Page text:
Growing the African Violet

Possibly one of the most grateful indoor plants . Although it needs some specific care, it may be one of the plants that give us the most in relation to its care. In addition, its showy flowers dress any corner, table, piece of furniture or countertop that we have empty.

 

ORIGIN OF THE AFRICAN VIOLET

Coming from the mountains of East Africa, it is currently one of the best-selling and famous winter plants for home interiors. Even being winter, the interesting thing about this plant is that it can have more than one flowering per year. Hence, it is a decorative element of great durability and beauty. Hairy leaves, almost velvety, green on the upper side and purple on the underside. Its scientific name: Saintpaulia ionantha . It belongs to the Gesneriaceae family, which consists of several dozen genera and thousands of species, but this in particular is the one that has been present in most homes since its popularization in the wealthiest houses and gardens of South Europe. .XIX.

CARE AND RECOMMENDATIONS

We have commented that the African Violet is a grateful plant but it requires some specific care as an endemic tropical plant that it is. So there you go a series of recommendations and cares that if you follow them properly you will have violet for a while.

Substrate: For the substrate we have spoken for other plants of peat, sand and other components either to maintain humidity or to drain. Well, the African Violet needs a little of everything. Let’s say your substrate type acceptance range is a tad specific. It needs to retain moisture . In turn, it cannot be flooded so it needs drainage . So we will mix sand, peat, mulch and universal garden substrate in equal parts to achieve a substrate with medium properties.

Light: Like many other plants, indoors it needs high luminosity but always being indirect. In any case, it is a plant that does not tolerate shady areas badly.

Temperature: You need high temperatures . The temperature range oscillates between 18 and 22ºC so it is considered ideal considering that the average temperature of a house is 21ºC. Nothing, absolutely no cold. We talked the other day about the Poinsettia or the Kentia whose minimum cold tolerance temperatures were around 10ºC. The African Violet is somewhat more delicate. 13-14 ºC is considered the minimum temperature threshold for its correct development.

Irrigation:  The same type as the Poinsettia. Never on the leaves . If it is by immersion better, but it is not absolutely necessary. Not wetting the leaves will be enough. The temperature of the irrigation water is better to be at room temperature. If you live in cold areas where the water comes out of the tap between 10-15ºC, let it rest until the temperature of the house and water. Speaking of irrigation frequencies, there are those who say that high irrigation, others moderate. I think it is best to experiment and see, but in theory moderate watering will be adequate. Of course, after flowering, reduce the watering frequency by half to favor the buds’ emergence. For better development, fertilize every 15 days throughout the year.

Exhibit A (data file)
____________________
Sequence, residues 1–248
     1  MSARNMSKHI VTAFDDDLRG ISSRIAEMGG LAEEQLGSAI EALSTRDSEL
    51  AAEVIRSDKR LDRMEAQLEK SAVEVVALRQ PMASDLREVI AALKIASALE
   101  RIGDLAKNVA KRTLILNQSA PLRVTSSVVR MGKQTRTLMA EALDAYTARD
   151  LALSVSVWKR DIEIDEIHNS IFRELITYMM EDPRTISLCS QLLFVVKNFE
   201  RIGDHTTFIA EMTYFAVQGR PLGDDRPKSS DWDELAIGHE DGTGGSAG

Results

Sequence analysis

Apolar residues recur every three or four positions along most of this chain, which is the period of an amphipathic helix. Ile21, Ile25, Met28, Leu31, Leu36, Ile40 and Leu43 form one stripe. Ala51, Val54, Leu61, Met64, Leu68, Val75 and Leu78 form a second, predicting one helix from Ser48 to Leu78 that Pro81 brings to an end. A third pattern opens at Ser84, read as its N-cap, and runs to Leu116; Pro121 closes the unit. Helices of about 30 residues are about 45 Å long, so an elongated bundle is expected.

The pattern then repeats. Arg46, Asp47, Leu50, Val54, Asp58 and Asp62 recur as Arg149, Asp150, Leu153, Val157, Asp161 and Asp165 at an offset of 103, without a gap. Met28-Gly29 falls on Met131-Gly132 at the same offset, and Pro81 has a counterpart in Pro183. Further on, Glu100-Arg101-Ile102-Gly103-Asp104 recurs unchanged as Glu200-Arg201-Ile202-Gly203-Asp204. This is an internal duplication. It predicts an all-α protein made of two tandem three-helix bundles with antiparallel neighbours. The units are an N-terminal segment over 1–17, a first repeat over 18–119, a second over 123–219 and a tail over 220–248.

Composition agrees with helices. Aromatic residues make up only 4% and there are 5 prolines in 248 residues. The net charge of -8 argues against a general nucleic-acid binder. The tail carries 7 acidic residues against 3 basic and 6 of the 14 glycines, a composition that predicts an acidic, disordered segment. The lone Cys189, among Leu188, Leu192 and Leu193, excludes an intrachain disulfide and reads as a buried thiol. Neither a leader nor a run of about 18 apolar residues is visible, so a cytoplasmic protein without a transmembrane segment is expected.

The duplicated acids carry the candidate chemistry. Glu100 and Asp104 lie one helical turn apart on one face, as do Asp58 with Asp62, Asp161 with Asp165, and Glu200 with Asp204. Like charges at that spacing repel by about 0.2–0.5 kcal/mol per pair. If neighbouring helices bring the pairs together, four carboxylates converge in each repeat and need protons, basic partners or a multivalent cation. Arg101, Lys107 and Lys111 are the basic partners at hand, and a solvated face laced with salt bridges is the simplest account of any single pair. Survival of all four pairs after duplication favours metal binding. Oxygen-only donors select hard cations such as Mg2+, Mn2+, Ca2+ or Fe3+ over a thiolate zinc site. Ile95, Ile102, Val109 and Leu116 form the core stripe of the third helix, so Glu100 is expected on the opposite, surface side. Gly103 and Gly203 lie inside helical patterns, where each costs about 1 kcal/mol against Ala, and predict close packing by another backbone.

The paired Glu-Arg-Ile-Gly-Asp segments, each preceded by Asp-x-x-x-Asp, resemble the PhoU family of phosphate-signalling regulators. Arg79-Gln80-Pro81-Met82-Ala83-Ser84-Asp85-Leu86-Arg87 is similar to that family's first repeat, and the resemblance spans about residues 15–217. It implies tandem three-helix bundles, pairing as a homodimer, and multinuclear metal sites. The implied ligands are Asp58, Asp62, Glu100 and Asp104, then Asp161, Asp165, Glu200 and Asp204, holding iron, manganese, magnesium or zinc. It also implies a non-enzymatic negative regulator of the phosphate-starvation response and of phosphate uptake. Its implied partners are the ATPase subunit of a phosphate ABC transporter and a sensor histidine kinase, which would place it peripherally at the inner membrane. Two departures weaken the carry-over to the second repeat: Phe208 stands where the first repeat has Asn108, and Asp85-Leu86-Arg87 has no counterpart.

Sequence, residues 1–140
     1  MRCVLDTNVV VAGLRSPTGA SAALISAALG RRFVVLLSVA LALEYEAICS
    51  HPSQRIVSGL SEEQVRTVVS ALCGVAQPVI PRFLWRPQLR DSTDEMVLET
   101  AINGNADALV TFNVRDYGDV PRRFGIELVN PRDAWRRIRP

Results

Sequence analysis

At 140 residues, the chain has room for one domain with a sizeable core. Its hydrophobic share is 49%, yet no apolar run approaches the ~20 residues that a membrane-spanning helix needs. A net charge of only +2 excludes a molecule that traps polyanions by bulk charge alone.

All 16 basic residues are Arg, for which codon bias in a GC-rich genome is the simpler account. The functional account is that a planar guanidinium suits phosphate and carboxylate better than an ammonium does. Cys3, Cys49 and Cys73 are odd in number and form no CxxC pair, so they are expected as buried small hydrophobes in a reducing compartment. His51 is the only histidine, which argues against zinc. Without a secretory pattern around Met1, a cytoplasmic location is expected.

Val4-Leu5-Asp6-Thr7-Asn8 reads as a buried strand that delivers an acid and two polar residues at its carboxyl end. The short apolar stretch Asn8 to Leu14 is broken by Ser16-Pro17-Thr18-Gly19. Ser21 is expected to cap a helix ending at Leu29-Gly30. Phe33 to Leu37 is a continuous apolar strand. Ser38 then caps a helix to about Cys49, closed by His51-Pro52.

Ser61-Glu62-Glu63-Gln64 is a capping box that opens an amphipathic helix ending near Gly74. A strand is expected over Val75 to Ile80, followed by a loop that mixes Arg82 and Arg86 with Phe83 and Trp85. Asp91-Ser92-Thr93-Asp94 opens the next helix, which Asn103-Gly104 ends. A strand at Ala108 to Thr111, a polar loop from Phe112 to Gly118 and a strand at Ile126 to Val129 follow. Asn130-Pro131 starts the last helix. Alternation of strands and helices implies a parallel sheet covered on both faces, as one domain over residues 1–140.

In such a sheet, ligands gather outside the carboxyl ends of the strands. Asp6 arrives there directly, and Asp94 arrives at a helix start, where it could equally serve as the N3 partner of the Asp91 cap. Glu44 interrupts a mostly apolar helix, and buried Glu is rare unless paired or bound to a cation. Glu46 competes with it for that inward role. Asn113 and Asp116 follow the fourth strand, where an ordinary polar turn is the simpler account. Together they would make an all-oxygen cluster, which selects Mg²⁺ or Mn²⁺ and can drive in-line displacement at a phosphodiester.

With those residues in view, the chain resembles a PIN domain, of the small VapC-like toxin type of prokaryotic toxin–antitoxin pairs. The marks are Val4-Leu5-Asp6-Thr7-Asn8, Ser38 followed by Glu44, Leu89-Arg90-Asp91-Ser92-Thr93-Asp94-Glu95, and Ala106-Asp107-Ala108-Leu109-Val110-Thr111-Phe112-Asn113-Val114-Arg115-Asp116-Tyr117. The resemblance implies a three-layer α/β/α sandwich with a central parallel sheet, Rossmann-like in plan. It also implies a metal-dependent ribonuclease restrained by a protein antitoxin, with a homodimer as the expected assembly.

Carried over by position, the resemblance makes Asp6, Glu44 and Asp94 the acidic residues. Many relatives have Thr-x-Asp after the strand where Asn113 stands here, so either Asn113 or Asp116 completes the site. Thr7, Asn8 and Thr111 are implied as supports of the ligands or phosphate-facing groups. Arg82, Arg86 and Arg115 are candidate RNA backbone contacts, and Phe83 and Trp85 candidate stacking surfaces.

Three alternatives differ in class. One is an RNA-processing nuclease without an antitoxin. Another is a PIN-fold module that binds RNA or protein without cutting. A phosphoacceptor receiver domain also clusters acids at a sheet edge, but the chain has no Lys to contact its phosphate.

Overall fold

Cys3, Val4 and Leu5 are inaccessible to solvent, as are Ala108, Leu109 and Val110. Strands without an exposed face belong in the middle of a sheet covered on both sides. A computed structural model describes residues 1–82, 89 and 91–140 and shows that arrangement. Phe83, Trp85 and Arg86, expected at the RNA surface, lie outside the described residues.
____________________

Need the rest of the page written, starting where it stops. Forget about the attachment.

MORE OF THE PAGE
PROBLEMS AND DIAGNOSIS

We list a series of symptoms and their corresponding causes so that you can correct and identify the problem:

  • The African Violet is normally short. If the petioles are longer than normal, it may be too short of light.
  • Insufficient light can also cause loss of color intensity in the leaves.
  • Yellow spots: viral problem .
  • If the flowers do not grow, remember to reduce the frequency of watering.
  • A characteristic problem of excess humidity is usually a whitish coloration in the flowers. Reduce the frequency of watering.
  • For better development we can remove the leaves from the center of the rosette. It is a kind of pruning. We will have a better development.

REPRODUCTION OF THE AFRICAN VIOLET

The simplest is the cutting of the leaf, cutting it with a section of the petiole. It is advisable not to take a leaf that is too young. Put in water for a month and transplant. The water to be used in the transplant should be at room temperature-warm. If the temperature of the house is around 21-22ºC it will be perfect. It can also be cut directly into the substrate, but this must be less draining than the one we use for the plant. Peat will be suitable.

In the photo you can see the example of a new violet from the cuttings on the substrate.

Welcome to The GardenPure! My name is Ryan Heagle, and I’m the founder of The GardenPure, I spent the first part of my adult life teaching and then living in Australia in various business ventures, the first of which was a business devoted to the sale of house plants.  I am now a full time blogger. I am a self taught gardener.

Ryan Heagle

Welcome to The GardenPure! My name is Ryan Heagle, and I’m the founder of The GardenPure, I spent the first part of my adult life teaching and then living in Australia in various business ventures, the first of which was a business devoted to the sale of house plants.  I am now a full time blogger. I am a self taught gardener.

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